Growing up in North Carolina in the 1950-60’s there was a couple entertainers you would recognize right off. One was a TV Cowboy named Fred Kirby. He had a TV program with live kids in the audience and the recorded entertainment was the Little Rascals. His program always opened with him in all his Cowboy regalia and his guitar singing a song he wrote. “How we love the Little Rascals”. Fred was a great guy. He was second to Roy Rogers in the tryouts for the ‘King of the Singing Cowboys’, in Hollywood.
He came back to Charlotte and became famous locally. He even had his own Theme park called “Tweetsie”, I guess the park is still there. The park was circled by a rail road and the Train was named Tweetsie, an old steam engine that had daily robberies with the good guys always riding in to save the day, etc.
Do you remember the song, “Kansas City Star”? Every time I heard that song I thought of Fred, Kids loved him.
The other was Arthur Smith. He was strictly music. He had an hour program and not too many NC homes missed it, “Arthur Smith and the Crackerjacks”, they sold 3 million records of Guitar Boogie. He wrote Dueling Banjos. He became very wealthy and known Internationally. One of the singers was my favorite,Tommy Faile. He had one BIG hit, “The Brown Mt. Light”. A song of a NC legend about a mysterious light on Brown Mt.
Arthur also searched for talent using a roaming Talent Show. The winners appeared on his TV program and sometimes a contract. When it was announced that Arthur’s Talent Show was coming to the Old Rock School in Valdese, boy, was everyone excited.
Entering the contest was a trio of High School girls well known in Valdese. They sang the Patsy Cline and Brenda Lee hit at the time, “Side By Side”.. These girls could really belt it out.
At the beginning of the song, the musician (who was one of the girls) was playing the Accordion. They strutted across the stage and back singing then back to the piano where the musician moved her left hand down to the keys on the piano and never missed a beat as the other girls removed the Accordion and they finished, with musician tearing the piano up and them singing the last verse around the piano.
These were 16/17 year old kids. They took the house down with a standing ovation. I was proud, I was MUCH YOUNGER but one of those girls was my OLDER Sister, Shirl. She and her friends Mickey and Margreta were very good, and the talk of the town. They were going to be on the Arthur Smith Show!
Shirl continued to sing and play but her career went another direction. Then around retirement time She began to volunteer with a group that Sherry’s Brother Vernon had to entertain the seniors. She was spotted by another musician and began to sing with his band. She now limits most of the singing to Jam sessions.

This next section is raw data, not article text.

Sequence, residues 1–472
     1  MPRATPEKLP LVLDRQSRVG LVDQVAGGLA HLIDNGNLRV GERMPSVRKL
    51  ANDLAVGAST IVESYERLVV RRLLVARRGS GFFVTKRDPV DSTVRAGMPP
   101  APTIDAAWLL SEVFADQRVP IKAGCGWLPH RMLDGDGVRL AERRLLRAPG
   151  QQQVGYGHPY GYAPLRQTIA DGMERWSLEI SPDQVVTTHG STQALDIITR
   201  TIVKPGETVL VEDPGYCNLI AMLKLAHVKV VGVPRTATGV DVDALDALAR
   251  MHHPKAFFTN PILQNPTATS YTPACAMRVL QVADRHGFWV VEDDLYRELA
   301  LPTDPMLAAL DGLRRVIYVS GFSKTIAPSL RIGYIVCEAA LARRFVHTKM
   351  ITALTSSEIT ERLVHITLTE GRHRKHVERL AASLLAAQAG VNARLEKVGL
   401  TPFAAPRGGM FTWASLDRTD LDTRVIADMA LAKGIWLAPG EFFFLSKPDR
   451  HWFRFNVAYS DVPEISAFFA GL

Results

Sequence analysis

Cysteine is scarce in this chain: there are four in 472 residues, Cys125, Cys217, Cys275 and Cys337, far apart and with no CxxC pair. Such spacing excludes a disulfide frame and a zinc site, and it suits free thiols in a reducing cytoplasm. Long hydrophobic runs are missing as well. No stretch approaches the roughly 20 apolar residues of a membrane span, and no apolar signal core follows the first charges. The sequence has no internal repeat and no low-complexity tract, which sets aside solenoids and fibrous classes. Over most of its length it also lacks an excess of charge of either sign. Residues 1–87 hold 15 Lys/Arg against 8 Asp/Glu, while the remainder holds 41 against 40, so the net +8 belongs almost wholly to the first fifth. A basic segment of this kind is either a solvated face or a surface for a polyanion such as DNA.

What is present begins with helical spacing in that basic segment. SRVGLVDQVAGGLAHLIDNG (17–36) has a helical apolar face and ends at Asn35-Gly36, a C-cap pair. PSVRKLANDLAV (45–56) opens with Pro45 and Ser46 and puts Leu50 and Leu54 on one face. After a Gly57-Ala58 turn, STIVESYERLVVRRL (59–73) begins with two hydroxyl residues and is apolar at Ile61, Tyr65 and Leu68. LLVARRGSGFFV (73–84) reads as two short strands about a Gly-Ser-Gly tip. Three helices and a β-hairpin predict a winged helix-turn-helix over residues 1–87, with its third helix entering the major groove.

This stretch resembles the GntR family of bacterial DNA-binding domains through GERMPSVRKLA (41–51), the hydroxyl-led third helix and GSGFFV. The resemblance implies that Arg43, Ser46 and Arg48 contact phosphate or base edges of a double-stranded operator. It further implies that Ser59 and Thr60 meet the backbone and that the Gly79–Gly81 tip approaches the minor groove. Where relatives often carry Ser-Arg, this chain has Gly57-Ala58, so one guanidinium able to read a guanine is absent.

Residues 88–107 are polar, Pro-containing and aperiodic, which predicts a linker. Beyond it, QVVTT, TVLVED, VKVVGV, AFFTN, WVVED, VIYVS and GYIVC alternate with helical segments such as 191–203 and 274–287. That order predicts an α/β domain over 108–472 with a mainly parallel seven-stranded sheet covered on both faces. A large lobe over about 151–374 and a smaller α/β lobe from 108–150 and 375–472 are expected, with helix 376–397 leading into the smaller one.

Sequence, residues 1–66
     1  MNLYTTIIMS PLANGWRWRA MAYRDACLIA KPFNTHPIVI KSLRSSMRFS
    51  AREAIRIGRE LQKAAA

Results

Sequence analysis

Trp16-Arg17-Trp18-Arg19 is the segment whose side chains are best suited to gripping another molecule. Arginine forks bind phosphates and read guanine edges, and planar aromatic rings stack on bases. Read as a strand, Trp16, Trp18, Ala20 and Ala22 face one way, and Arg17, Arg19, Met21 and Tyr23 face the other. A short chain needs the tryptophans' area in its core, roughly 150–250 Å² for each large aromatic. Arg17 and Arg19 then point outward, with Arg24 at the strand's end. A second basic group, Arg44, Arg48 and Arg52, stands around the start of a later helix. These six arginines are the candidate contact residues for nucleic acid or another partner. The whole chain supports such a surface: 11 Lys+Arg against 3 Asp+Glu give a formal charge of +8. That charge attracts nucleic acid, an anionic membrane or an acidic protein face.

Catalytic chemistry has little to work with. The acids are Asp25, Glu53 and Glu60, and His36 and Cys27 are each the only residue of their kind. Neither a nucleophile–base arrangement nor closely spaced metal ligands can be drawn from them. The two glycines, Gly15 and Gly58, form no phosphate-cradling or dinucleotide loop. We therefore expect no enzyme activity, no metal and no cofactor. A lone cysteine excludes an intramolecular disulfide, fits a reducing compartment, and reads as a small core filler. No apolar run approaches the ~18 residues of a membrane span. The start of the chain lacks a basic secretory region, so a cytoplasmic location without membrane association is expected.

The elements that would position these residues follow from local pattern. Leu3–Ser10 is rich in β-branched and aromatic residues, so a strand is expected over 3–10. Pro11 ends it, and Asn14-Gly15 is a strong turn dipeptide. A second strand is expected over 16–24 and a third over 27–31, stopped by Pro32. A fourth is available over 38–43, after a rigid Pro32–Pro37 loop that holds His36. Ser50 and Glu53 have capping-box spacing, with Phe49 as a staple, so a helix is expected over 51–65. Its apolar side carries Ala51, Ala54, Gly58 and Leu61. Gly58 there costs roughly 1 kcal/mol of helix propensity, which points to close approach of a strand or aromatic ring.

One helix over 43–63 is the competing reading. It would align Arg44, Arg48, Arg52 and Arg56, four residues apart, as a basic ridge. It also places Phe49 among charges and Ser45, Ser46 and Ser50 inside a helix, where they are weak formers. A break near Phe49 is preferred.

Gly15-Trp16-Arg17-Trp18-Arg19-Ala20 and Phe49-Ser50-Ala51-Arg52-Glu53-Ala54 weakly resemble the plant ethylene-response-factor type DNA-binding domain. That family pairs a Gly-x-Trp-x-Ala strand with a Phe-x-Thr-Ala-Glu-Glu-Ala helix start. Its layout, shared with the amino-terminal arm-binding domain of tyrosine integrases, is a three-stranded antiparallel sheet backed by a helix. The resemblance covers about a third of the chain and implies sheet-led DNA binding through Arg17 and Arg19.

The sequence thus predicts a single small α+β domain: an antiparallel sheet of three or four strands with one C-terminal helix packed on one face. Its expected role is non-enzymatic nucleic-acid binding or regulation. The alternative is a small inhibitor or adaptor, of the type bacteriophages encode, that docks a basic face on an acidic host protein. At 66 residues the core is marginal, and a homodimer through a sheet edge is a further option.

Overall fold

The girl still has a great voice. But don’t tell her I said so.
Life is strange, Shirl’s next door neighbor is James (Jim) Arp, lead singer for the Del Ray’s, J’ville Florida 50-60’s. He did pursue a music career and as I have blogged about before, he is one of the locals who made it to the big time.
A model Woody, I hope he drives that to my house.
We too had our local TV stars but my memories are not as sharp as yours. I watched the little rascals of course. What fun they were. Hope you both have a wonderful Monday!
What a story, Jack! Hats off to you, Shirl! («Louis» knows Shirl will see this!) :-)
«Louis» grew up in Lubbock, Texas. At that time in Texas each county to vote precinct by precinct whether or not to sell alcohol. In Lubbock County, there was only one "wet" precinct. So all the liquor stores and clubs were on one road in that precinct. It was called "the Strip". One of the clubs was The Cotton Club and that's where Buddy Holly got his start.
«Louis'» parents were friends of a couple, J.D. and Gladys Leftwich. The Leftwiches owned several lumber yards across the Texas Panhandle. J.D. liked to fly to his stores rather than drive, so he had (and could afford) a private plane. It was his pilot that was flying the plane that crashed with Buddy Holly on it.
Jack I didn't know you remembered
the story about us winning the
contest. We will entertain a few
gigs during Christmas. Louis la Vache what a story.. Buddy Holly
was a favorite. I also like Tommy
Faile he was best singer on the show. Jack I had forgotten about
playing the accordion. What good memories we all have and your blog brought up some lost memories.
Jack your memory is just awesome. I am sure we had some, but I don't remember. You tell or have some great stories... sandie
Great story about your sister.
We had Red River Dave in San Antonio. A pretty young woman and her brother sang on his show. My brother-in-law left my sister with three young kids to marry her.
If we had any local heroes, I don't remember, but I enjoyed reading about yours, Jack. Great story about Shirl! Sounded like a great performance the trio did and great that she is still using her God given talent these days :)
My lips are sealed.... lol!
This was thoroughly entertaining!
Right away, I remembered a local (well, from KOB-TV in Albuquerque) singing cowboy in the 50's-60's named Dick Bills. His goofy (my dad's word) nephew would join in the band now and then ... before growing a career of his own: Glenn Campbell.
Still recall their signature jingle --... riding down the trail to Albuquerque, saddlebags all filled with beans and jerky ....
(dang, stop me now - lol!)
We had Calamity Kate and some others but my memory is not that good. I have figured out that Shirl is still talented. She will never be bored.
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